Farrar v. Handel, No. 1:2009cv00455 - Document 13 (N.D. Ga. 2009)

Court Description: ORDER granting Defendant's 4 Motion to Dismiss. Signed by Judge Richard W. Story on 11/19/2009. (gar)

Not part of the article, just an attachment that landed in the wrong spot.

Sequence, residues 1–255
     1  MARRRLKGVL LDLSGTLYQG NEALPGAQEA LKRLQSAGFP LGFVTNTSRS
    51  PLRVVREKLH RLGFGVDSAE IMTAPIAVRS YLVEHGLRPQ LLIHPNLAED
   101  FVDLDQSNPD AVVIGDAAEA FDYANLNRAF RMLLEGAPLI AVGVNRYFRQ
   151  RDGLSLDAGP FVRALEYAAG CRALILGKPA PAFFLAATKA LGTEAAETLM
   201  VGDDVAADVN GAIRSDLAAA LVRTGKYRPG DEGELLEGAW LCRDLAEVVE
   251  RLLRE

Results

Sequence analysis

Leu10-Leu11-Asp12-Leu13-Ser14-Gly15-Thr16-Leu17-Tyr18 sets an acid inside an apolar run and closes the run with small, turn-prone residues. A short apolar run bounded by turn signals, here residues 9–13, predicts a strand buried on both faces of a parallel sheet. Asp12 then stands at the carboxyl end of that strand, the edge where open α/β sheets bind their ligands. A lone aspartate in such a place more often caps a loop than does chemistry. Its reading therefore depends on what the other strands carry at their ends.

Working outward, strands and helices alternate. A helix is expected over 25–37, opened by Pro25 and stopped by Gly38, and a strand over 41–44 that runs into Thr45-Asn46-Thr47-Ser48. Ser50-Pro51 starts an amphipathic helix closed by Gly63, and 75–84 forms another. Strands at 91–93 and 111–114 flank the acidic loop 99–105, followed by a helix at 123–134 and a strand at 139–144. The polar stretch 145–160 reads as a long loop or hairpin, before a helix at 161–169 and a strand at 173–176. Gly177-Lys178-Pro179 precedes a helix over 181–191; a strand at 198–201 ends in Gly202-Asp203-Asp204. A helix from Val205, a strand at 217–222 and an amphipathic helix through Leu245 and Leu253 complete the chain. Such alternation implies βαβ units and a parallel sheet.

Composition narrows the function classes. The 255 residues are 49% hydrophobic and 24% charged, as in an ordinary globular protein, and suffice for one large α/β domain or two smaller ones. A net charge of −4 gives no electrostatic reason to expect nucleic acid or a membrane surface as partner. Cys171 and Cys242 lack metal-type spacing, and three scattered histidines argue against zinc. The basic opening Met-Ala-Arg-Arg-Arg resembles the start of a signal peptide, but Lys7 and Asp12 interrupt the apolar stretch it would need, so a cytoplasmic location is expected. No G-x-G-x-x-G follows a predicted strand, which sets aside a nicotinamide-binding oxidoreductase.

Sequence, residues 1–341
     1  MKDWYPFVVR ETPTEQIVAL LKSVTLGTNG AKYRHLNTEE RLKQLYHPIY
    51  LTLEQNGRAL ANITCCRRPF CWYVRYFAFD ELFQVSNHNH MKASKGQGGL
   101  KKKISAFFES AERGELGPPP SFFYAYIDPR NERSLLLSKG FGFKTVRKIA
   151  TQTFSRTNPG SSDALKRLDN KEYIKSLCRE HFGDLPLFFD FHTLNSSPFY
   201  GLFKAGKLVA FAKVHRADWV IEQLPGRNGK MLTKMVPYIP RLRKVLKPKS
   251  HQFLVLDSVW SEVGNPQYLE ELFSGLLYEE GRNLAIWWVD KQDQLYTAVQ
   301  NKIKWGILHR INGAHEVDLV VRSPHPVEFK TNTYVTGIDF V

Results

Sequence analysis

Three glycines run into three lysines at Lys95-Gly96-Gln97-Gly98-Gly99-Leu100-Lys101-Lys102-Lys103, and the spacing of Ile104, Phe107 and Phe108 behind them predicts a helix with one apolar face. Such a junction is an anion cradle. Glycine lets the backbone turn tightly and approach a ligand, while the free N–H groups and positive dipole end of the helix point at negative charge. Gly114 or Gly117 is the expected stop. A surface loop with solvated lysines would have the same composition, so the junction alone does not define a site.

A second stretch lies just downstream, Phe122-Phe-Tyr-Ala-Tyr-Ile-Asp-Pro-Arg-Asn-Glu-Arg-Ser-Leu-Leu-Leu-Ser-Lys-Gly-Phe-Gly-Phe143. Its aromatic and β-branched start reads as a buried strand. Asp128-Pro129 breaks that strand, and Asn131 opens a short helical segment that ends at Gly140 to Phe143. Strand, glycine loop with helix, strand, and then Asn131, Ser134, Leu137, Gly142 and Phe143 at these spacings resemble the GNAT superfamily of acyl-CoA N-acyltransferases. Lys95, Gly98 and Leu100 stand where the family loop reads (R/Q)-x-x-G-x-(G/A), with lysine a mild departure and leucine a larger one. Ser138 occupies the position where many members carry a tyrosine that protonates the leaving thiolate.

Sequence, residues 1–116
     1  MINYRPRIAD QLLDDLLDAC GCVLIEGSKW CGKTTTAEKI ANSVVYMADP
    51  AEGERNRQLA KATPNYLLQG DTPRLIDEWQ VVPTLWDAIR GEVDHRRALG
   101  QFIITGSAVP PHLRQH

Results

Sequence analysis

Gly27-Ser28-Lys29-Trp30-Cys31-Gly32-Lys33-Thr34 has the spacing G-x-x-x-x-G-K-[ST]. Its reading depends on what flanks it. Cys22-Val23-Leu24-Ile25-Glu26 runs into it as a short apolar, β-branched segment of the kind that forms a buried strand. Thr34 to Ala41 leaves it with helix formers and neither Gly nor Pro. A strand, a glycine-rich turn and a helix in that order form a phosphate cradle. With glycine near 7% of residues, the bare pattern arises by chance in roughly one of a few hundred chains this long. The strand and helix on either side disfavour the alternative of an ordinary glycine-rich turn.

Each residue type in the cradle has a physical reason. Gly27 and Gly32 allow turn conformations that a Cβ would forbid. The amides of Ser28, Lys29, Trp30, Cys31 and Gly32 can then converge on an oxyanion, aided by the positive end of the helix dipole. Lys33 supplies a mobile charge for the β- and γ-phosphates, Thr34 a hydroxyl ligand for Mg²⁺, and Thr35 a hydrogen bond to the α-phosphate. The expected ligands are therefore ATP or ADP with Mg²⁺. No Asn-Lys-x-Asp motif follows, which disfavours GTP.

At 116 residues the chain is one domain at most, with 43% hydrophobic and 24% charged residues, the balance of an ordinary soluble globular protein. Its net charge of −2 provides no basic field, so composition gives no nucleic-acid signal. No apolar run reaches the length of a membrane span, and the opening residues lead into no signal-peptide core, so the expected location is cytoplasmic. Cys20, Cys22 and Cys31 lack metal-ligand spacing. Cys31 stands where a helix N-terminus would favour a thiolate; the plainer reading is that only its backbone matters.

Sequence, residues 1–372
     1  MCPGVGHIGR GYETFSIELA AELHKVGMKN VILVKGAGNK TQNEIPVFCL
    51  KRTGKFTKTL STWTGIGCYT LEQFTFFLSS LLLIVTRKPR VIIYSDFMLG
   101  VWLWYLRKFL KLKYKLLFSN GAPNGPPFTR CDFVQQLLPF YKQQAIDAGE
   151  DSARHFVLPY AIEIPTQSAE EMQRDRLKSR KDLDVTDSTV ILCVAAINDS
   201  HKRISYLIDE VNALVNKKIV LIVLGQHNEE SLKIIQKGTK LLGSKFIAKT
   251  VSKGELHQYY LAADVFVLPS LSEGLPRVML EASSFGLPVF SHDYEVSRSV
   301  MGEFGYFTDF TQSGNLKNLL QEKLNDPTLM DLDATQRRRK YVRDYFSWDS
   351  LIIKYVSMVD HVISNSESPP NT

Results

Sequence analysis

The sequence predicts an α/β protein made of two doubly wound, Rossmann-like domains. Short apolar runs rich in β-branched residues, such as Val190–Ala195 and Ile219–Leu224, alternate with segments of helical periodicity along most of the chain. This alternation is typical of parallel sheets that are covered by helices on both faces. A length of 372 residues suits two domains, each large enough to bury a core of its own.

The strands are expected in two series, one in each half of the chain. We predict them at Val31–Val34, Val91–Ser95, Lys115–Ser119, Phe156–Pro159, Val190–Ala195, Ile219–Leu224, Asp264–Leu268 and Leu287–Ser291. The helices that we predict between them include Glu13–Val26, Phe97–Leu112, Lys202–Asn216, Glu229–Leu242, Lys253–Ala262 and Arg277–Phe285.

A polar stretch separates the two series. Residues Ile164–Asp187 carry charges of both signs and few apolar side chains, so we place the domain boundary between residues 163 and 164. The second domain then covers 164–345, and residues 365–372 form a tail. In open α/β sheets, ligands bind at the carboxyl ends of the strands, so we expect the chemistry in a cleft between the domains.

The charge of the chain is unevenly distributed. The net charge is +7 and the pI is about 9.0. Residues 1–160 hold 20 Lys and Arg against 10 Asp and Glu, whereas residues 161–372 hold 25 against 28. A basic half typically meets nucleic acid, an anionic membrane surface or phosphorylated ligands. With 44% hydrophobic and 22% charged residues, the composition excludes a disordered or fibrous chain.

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Farrar v. Handel Doc. 13 IN THE UNITED STATES DISTRICT COURT FOR THE NORTHERN DISTRICT OF GEORGIA ATLANTA DIVISION JOHN FARRAR, Ph.D., Plaintiff, v. KAREN C. HANDEL, Georgia Secretary of State, in her official capacity, Defendant. : : : : : : : : : : : CIVIL ACTION NO. 1:09-CV-0455-RWS ORDER This case come before the Court on Defendant Karen Handel’s Motion to Dismiss [4]. After a review of the record, the Court enters the following Order. I. Factual Background In October 2003, Plaintiff John Farrar, Ph.D., was sanctioned by the Georgia State Board of Examiners of Psychologists (“Board”) for certain violations. He appealed the Board’s ruling in Bibb County Superior Court, which stayed the sanctioned pending the resolution of the state court proceedings. The Board ultimately suspended Plaintiff’s license pursuant to O.C.G.A. §50-13-18(c)(1), for Plaintiff’s failure to comply with the Board- AO 72A (Rev.8/82) Dockets.Justia.com imposed sanctions. Plaintiff and the Board entered into a consent order (“Consent Order”) in 2008 by which Plaintiff agreed to comply with the 2003 sanctions in exchange for the Board agreeing to lift the suspension. On February 17, 2009, Plaintiff initiated this “class of one” claim under the equal protection clause against Defendant Handel in her official capacity as Secretary of State. (See Complaint [1].) Plaintiff asserts that by suspending his license, the Board intentionally treated him differently from others similarly situated. Plaintiff alleges that Secretary of State Handel’s liability lies in overseeing the actions of the Board. Id. Defendant subsequently filed the Motion to Dismiss [4] discussed herein. II. Motion to Dismiss Standard When considering a FED. R. CIV. P. 12(b)(6) motion to dismiss, a federal court is to accept as true “all facts set forth in the plaintiff’s complaint.” Grossman v. Nationsbank, N.A., 225 F.3d 1228, 1231 (11th Cir. 2000) (citation omitted). Further, the court must draw all reasonable inferences in the light most favorable to the plaintiff. Bryant v. Avado Brands, Inc., 187 F.3d 1271, 1273 n.1 (11th Cir. 1999); see also Bell Atl. Corp. v. Twombly, 127 S. Ct. 1955, 1964 (2007) (internal citations omitted). The United States Supreme 2 AO 72A (Rev.8/82) Court has recently dispensed with the rule that a complaint may only be dismissed under Rule 12(b)(6) when “‘it appears beyond doubt that the plaintiff can prove no set of facts in support of his claim which would entitle him to relief.’” Twombly, 127 S.Ct. at 1968 (quoting Conley v. Gibson, 355 U.S. 41, 45-46 (1957)). The Supreme Court has replaced that rule with the “plausibility standard,” which requires that factual allegations “raise the right to relief above the speculative level.” Id. at 1965. The plausibility standard does not, however, impose a probability requirement at the pleading stage; it simply calls for enough facts to raise a reasonable expectation that discovery will reveal evidence [supporting the claim].” Id. III. Defendant’s Motion to Dismiss Defendant argues that Plaintiff’s equal protection challenge should be dismissed under Federal Rule of Civil Procedure 12(b)(6) for failure to state a claim upon which relief can be granted. Defendant states a number of grounds upon which Plaintiff’s claim should fail. Defendant primarily asserts that the Complaint fails to identify any similarly situated persons who were treated better than Plaintiff, as required under a “class of one” action. (Dkt. No. [4] at 6.) The Court recognizes that in 3 AO 72A (Rev.8/82) this stage of the litigation, Plaintiff has not had the benefit of discovery in order to ascertain whether any other licensed psychologist who engaged in similar misconduct was summarily suspended. Assuming that a similarly situated yet treated differently individual were identified, Plaintiff’s claim fails if the Board’s decision is rationally related to the state’s interest in regulation the practice of psychology. The Court has serious reservations about the merits of Plaintiff’s claim, particularly concerning the discretionary nature of the Board’s decision. Engquist v. Or. Dept. Of Agriculture, 128 S.Ct. 2146, 2154 (2000) (stating, “[t]here are some forms of state action, however, which by their nature involve discretionary decisionmaking based on a vast array of subjective, individualized assessments. In such cases the rule that people should be “treated alike, under like circumstances and conditions” is not violated when one person is treated differently from others, because treating like individuals differently is an accepted consequence of the discretion granted. In such situations, allowing a challenge based on the arbitrary singling out of a particular person would undermine the very discretion that such state officials are entrusted to exercise.”) However, on a Motion to Dismiss, the Court cannot 4 AO 72A (Rev.8/82) determine whether the actions of the Board were discretionary such that Plaintiff’s claim is barred. Defendant next contends that Handel, as the Secretary of State cannot be held vicariously liable for the actions of the Board. In order to establish liability under § 1983 against Defendant Handel in her official capacity, Plaintiff must demonstrate that a deprivation of a constitutional right resulted from: (1) an action taken or policy made by an official responsible for making final policy in that area of the [governmental entity's] business; or (2) a practice or custom that is so pervasive, as to be the functional equivalent of a policy adopted by the final policymaker. White v. Thomspon, 299 Fred. Appx . 930, 933 (11th Cir. Nov 7, 2009) citing Church v. City of Huntsville, 30 F.3d 1332, 1343 (11th Cir. 1994). On the face of the Complaint, the Court cannot determine whether Defendant Handel exercised sufficient control over the actions and policies of the Board such that she may be held vicariously liable for their actions. Further Defendant argues that she is afforded immunity from suit in her official capacity by the Eleventh Amendment. Plaintiff correctly states that Ex 5 AO 72A (Rev.8/82) Parte Young, 209 U.S. 123 (1908) creates an exception to Eleventh Amendment immunity, allowing for suits against state officers seeking prospective injunctive relief. Here, the relief requested by Plaintiff is prospective in nature. Plaintiff seeks a Court injunction ordering the Defendant to expunge his record and summary suspension from the professional licensure records and website. (See Complaint at 7.) The Court finds that since such prayer seeks prospective relief, Defendant’s claim of immunity must be denied at this time. Given this finding, Defendant’s argument that the Secretary of State is not a “person” under 42 U.S.C. § 1983 similarly fails.1 Finally, Defendant contents that the doctrine of res judicata bars this action due to the parallel action in the state administrative proceeding. (Dkt. No. [4] at 15.) In order for the doctrine to apply, the following conditions must be met: (1) identity of the parties or their privies; (2) identity of the cause of action; and (3) previous adjudication on the merits by a court of competent jurisdiction. 1 “Official-capacity actions for prospective relief are not treated as actions against the State.” Kentucky v. Graham, 473 U.S. 159, 167 (1985). 6 AO 72A (Rev.8/82) Brown & Williamson Tobacco Corp. v. Gault, 280 Ga. 420, 421 (2006); O.C.G.A. § 9-12-40. Both parties have conceded that the parties to the state administrative proceeding were identical or in privity with the Plaintiff and Defendant in the case here. The issue before the administrative hearing was whether Plaintiff’s failure to comply with Board-issued sanctions warranted a summary suspension. In contrast, the issue before this Court turns on whether Plaintiff’s suspension raises a “class of one” claim under the equal protection clause. Defendant contends that Plaintiff could have appealed the adverse decision of the administrative forum and asserted his equal protection challenge to the Bibb County Superior Court, and therefore is barred from asserting the claim here. Waldroup v. Greene County Hosp. Auth., 265 Ga. 864, 865 (1995); O.C.G.A. §50-13-19(h)(1). The Georgia Administrative Procedure Act states in relevant part: (h)The court shall not substitute its judgment for that of the agency as to the weight of the evidence on questions of fact. The court may affirm the decision of the agency or remand the case for further proceedings. The court may reverse or modify the decision if substantial rights of the appellant have been prejudiced because the administrative findings, inferences, conclusions, or decisions are: (1) In violation of constitutional or statutory provisions; ... O.C.G.A. § 50-1-19(h)(1). This text indicates that challenges to agency 7 AO 72A (Rev.8/82) decisions on constitutional grounds may be reviewed by the designated court. The Act defines “agency” to include state boards.2 Accordingly, Plaintiff may have appealed the administrative decision upholding the suspension by the Board to the Superior Court. As Plaintiff could have adjudicated the merits of his constitutional challenge in the state administrative proceeding and subsequent appeal, he is barred from doing so here. See Waldroup v. Greene County Hosp. Auth., 265 Ga. 864, 865 (1995) As to the final prong of the res judicata analysis, the Court finds that the Consent Order carries the final weight of a court judgment. In entering the Consent Order, Plaintiff agreed to be bound by its terms. He now seeks redress 2 O.C.G.A. 50-13-2(1) states: (1) “Agency” means each state board, bureau, commission, department, activity, or officer authorized by law expressly to make rules and regulations or to determine contested cases, except the General Assembly; the judiciary; the Governor; the State Board of Pardons and Paroles; the State Financing and Investment Commission; the State Properties Commission; the Board of Bar Examiners; the Board of Corrections and its penal institutions; the State Board of Workers’ Compensation; all public authorities except as otherwise expressly provided by law; the State Personnel Board (Merit System); the Department of Administrative Services or commissioner of administrative services; the Technical College System of Georgia; the Department of Revenue when conducting hearings relating to alcoholic beverages; the Georgia Tobacco Community Development Board; the Georgia Higher Education Savings Plan; any school, college, hospital, or other such educational, eleemosynary, or charitable institution; or any agency when its action is concerned with the military or naval affairs of this state... ... 8 AO 72A (Rev.8/82) from this Court on the same issue addressed by the Consent Order. While the language of the Consent Order does not seek to impede Plaintiff’s “vindication and redress in any other court, agency or forum,” the particular issue raised herein has already been addressed or could have been addressed in the state court proceeding. (See Consent Order Exhibit 1, Dkt. No. [10].) The Court finds that the doctrine of res judicata serves as a bar to Plaintiff’s claim. In the Consent Order, the Board specifically agreed to lift Plaintiff Farrar’s summary suspension and modify the website and public record to reflect that the suspension has been lifted. (See Consent Order Exhibit 1, Dkt. No. [10].) By seeking injunctive relief, Plaintiff alleges the Secretary of State’s website still reflects Plaintiff’s summary suspension as part of the public record. (Complaint [1].) Plaintiff may be well served by seeking to enforce the terms of the Consent Order against the Board. Conclusion Defendant’s Motion to Dismiss [4] is GRANTED. SO ORDERED this 19th day of November, 2009. ________________________________ RICHARD W. STORY United States District Judge 9 AO 72A (Rev.8/82)